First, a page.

In Part 1 of this series, we looked at how UIScreen, UIWindow, and UIView objects form the foundation of an iOS app's user interface, and we built a simple app to demonstrate the relevant essentials of how they work together. In part 2, we're going to expand our app to demonstrate the basics of how UIViewcontrollers interact with UIViews to create a working user interface.
We'll be starting where we left off with the ViewMe project from Part 1, so you'll want to open it up in Xcode. (You can download the ViewMe project here.)
Wiring a User InterfaceAt the end of Part 1, our app looked like Figure A. To make things more interesting, we're going to change the text of the label and button in our code rather than in Interface Builder, and then to demonstrate how view controllers and views work together, we'll wire things up so that when we press the button, the text of the label changes.
The View Life Cycle
The UIViewController is responsible for the life cycle of the view it controls. This includes loading the view as necessary and notifying us when the view appears and disappears. At each of these points the view controller calls various methods that we can override to add our own functionality and modify the view's appearance.
During the view load cycle, the view controller will call its loadView method followed by viewDidLoad. Most often you will only override viewDidLoad; it is rarely necessary to override loadView. After a view has been loaded it remains in memory, so viewDidLoad will typically be called only one time (as of iOS 6, views are no longer purged during low-memory conditions).
By contrast, the methods viewWillAppear and viewWillDisappear get called every time the view appears or disappears from the screen. This is a key distinction to keep in mind. If there are changes you wish to make when the view is initially set up, such as set the background color, you will want to do it in viewDidLoad. If you want your view to be updated with information that changes each time it appears (e.g. current temperature data in a weather app), you would do that in viewWillAppear.
Now let's switch over to MyViewController.m and see how we can change our label and button when the view loads. Change the viewDidLoad method as shown below.
// Runs ONCE when the UIViewcontroller loads the view
self.myLabel.text = @"Acme Explosives";
[self.myButton setTitle:@"Press Me" forState:UIControlStateNormal];
}When we build and run the app, it now appears as shown in Figure G. Both the button and the label are changed before they are displayed on the screen.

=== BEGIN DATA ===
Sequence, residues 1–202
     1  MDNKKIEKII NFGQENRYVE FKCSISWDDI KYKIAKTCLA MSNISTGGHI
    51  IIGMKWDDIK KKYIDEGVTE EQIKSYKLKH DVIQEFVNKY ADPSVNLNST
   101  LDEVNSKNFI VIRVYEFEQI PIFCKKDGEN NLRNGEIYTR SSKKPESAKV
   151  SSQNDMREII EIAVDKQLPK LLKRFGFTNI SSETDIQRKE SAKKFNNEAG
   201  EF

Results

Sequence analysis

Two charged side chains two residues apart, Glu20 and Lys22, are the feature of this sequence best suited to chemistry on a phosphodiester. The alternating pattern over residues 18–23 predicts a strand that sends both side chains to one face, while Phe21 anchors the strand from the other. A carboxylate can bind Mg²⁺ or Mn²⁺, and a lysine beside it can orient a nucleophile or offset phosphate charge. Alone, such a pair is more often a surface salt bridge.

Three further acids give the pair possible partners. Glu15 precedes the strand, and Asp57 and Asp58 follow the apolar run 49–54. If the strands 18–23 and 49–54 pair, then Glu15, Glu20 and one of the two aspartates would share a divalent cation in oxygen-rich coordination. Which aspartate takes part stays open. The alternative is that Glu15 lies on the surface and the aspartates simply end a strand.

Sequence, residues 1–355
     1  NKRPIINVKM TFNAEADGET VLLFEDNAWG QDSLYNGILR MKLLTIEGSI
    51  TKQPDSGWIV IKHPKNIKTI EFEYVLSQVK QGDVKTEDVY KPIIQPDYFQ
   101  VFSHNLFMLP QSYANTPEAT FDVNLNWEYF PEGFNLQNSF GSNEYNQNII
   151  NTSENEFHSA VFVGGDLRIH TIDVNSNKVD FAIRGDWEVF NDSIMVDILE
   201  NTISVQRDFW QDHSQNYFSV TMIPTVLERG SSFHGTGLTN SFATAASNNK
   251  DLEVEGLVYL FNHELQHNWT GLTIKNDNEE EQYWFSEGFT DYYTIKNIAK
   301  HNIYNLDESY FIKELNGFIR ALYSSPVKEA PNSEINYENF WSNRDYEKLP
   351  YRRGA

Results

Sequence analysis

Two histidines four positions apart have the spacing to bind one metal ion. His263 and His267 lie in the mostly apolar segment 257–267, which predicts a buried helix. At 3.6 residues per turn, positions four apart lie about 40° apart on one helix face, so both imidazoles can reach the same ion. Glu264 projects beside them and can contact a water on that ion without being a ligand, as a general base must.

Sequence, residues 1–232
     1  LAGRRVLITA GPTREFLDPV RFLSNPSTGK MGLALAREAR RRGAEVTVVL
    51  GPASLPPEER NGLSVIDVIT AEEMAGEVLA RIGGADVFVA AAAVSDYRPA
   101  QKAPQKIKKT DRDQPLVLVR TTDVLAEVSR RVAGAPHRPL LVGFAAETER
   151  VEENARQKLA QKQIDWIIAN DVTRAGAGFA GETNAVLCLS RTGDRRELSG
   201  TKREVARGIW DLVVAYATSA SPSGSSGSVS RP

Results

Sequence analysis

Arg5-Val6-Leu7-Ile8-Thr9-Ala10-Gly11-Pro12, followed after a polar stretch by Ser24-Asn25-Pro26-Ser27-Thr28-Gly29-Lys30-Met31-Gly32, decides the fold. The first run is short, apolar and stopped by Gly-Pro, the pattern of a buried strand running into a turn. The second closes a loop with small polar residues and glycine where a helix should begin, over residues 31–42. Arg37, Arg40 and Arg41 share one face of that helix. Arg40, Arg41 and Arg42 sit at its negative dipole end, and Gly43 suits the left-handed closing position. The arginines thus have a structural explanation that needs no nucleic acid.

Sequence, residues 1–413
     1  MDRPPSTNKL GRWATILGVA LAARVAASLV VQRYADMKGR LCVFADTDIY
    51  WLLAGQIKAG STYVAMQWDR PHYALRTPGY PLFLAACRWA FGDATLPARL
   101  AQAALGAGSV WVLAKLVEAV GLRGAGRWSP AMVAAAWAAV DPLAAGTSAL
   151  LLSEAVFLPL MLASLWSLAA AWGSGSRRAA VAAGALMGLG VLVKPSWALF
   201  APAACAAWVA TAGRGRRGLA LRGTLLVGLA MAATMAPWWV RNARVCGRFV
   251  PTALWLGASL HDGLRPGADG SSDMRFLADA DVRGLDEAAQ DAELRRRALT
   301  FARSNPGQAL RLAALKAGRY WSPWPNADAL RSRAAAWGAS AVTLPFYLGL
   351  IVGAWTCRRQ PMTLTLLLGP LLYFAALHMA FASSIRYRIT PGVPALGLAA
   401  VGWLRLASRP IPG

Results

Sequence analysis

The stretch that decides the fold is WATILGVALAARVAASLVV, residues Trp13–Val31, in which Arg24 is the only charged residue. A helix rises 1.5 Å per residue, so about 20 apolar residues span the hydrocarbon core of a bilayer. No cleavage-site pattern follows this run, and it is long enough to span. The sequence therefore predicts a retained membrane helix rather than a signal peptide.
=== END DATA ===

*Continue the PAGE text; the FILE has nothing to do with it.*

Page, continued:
Now go back to MyViewController.m and add the following code below the ViewDidLoad method:
self.myLabel.text = @"Boom!";
Select MyViewController.xib in the Files and Groups pane. Right click on the button to bring up information about its properties. Click and drag from the "Touch Up Inside" event over to "File's Owner".
This will cause a list of available actions to appear, and in our case there is only one action available named "buttonPressed:". Click on buttonPressed: to make the connection.What we've done is create a method named "buttonPressed:" and associated it with our button so that it is called when the button is tapped. Technically, the "Touch Up Inside" event is fired whenever your finger leaves the button - hence the notion of "touch up". If you look at the other event options available in Figure H, you'll gain an appreciation for the sophistication and possibilities of UIButton. Declaring buttonPressed:with a return type of IBAction allowed Interface Builder to become aware of it and present it to us when we made the connection to our MyViewController subclass (File's Owner).
This example illustrates two fundamental concepts you will use repeatedly when developing your own apps:
- Views and their subclasses, such as UILabel and UIButton, make up the visible portion of your app.
- View controllers handle the logic behind the views, such as changing their appearance and responding to the events they generate.
Views and view controllers are the building blocks upon which all iOS apps are built. Together with Part 1 of this article, you should now have a clear understanding of how all of the various pieces work together to bring your iOS app to life.
Scott Kantner started his IT career on a Radio Shack TRS-80 model I back in 1978. He is CTO of a hosting/colocation firm, a tech writer, and an avid iOS app developer. He has several music-related apps in the App Store that you can learn about at OnStageTechnologies.com. Scott can be reached at firstname.lastname@example.org.